Treasurys signals couldn’t have worse timing
Ken Odeluga December 4, 2018 4:09 PM
The Treasury yield curve is inverting as sentiment frays, partly because hopes on the U.S.-Sino trade agreement are evaporating.
Treasury yield curve inversion that’s throwing eye-catching shapes in closely watched rates elsewhere, is one of the reasons why a softer dollar isn’t easing risk aversion. The gap between two and 10-year Treasurys shrunk to the narrowest in around 11 years earlier. This lifts the curve created to within 13-14 basis points of ‘inversion’, the traditional harbinger of a coming U.S. recession. The gap between Germany’s two and 10-year bonds duly narrowed to the tightest in 17 months. Investors in Europe’s ‘growth engine’ are signalling that any future U.S. downturn, which consensus forecasts pin no sooner than late 2019, would eventually be mirrored on the continent.
All told, U.S. Treasurys are back in focus for the umpteenth time this year, though this time most of the interest is watching the downside. Fragile sentiment can be expected to over-react, whilst the emerging downtrend in yields also looks like an over-riding factor for the dollar. Additionally, the second testimony of Fed chair Powell to congress this year has been postponed due to commemorations of President H.W. Bush on Wednesday. With markets closed, attention on yield events, via futures, should be closer.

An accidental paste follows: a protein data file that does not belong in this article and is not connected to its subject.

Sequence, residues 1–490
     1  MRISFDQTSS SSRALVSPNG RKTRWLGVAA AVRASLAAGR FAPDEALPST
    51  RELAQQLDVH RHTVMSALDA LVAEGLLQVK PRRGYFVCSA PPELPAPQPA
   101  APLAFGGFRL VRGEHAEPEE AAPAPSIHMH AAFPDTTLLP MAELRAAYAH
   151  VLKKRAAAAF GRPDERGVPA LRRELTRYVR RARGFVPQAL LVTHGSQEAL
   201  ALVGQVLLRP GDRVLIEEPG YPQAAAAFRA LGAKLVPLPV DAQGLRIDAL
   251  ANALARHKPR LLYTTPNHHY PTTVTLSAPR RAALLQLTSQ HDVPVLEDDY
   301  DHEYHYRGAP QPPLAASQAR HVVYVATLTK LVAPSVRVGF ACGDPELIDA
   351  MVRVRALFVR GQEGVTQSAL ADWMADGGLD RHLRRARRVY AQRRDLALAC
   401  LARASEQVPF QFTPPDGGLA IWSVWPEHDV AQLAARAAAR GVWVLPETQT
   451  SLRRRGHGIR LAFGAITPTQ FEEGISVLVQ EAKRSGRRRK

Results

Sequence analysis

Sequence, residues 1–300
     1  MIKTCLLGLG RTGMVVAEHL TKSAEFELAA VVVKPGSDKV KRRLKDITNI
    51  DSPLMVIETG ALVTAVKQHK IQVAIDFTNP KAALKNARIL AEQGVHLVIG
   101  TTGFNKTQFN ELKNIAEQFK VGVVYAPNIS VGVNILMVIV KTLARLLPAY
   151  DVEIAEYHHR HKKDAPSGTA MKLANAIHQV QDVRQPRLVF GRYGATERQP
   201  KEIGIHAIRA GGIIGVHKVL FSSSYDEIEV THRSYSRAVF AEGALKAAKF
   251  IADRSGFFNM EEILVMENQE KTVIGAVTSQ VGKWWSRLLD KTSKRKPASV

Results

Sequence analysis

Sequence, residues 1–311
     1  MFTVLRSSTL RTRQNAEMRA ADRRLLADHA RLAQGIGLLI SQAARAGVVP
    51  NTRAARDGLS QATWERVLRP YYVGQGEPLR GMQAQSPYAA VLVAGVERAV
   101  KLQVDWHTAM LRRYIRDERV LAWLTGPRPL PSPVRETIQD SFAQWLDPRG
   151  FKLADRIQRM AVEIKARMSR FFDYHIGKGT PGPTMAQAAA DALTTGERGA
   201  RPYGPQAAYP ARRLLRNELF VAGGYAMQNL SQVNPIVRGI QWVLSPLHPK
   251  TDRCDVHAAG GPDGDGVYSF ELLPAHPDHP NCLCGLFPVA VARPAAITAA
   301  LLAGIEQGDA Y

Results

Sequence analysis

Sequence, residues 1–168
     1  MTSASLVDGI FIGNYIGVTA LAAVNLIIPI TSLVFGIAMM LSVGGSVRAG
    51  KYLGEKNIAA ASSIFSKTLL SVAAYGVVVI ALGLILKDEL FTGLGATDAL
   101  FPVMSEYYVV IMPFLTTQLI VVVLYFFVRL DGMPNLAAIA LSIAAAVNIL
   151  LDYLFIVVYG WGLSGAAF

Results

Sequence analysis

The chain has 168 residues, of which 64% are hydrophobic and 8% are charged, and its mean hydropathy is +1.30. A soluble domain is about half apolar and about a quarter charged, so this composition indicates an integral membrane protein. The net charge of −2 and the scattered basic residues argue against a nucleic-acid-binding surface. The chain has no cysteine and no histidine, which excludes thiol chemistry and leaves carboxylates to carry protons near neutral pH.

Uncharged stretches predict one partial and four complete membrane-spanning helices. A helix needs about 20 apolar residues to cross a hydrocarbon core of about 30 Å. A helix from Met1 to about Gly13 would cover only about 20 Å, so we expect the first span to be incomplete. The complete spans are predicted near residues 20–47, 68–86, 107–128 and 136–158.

As the yield curve flattens, a break of its 10-year yield below the long-term trend marker (the 200-day moving average) for the first time since November 2017, is being closely watched. Traders will treat a close beneath the 200-DMA as an important juncture, increasing pressure on the dollar. In turn, this could propel symbiosis with yields further, as they both spiral downwards. Yield drama could subside later in the week, in the run up to the release of payrolls on Friday. As usual a number of unofficial curtain raisers, including ISM data, will precede payrolls. It is quite likely that these data will continue to paint a firm picture of U.S. hiring. This will bolster views that the U.S. economy remains robust. But after the 10-year yield definitively busted its cleanest rising line since September and as it now threatens another key indication of strength, broader markets are unlikely to escape continued tests this week.